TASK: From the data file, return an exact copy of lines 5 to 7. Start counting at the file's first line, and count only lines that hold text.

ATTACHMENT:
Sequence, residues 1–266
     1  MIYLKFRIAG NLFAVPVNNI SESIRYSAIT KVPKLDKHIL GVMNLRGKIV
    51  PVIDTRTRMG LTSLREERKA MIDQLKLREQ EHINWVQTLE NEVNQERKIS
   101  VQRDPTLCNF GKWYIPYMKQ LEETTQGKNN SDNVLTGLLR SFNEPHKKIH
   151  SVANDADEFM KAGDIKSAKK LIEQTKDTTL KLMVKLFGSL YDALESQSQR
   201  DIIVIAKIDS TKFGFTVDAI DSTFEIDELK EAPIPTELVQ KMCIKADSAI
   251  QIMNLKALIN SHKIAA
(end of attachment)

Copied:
   151  SVANDADEFM KAGDIKSAKK LIEQTKDTTL KLMVKLFGSL YDALESQSQR
   201  DIIVIAKIDS TKFGFTVDAI DSTFEIDELK EAPIPTELVQ KMCIKADSAI
   251  QIMNLKALIN SHKIAA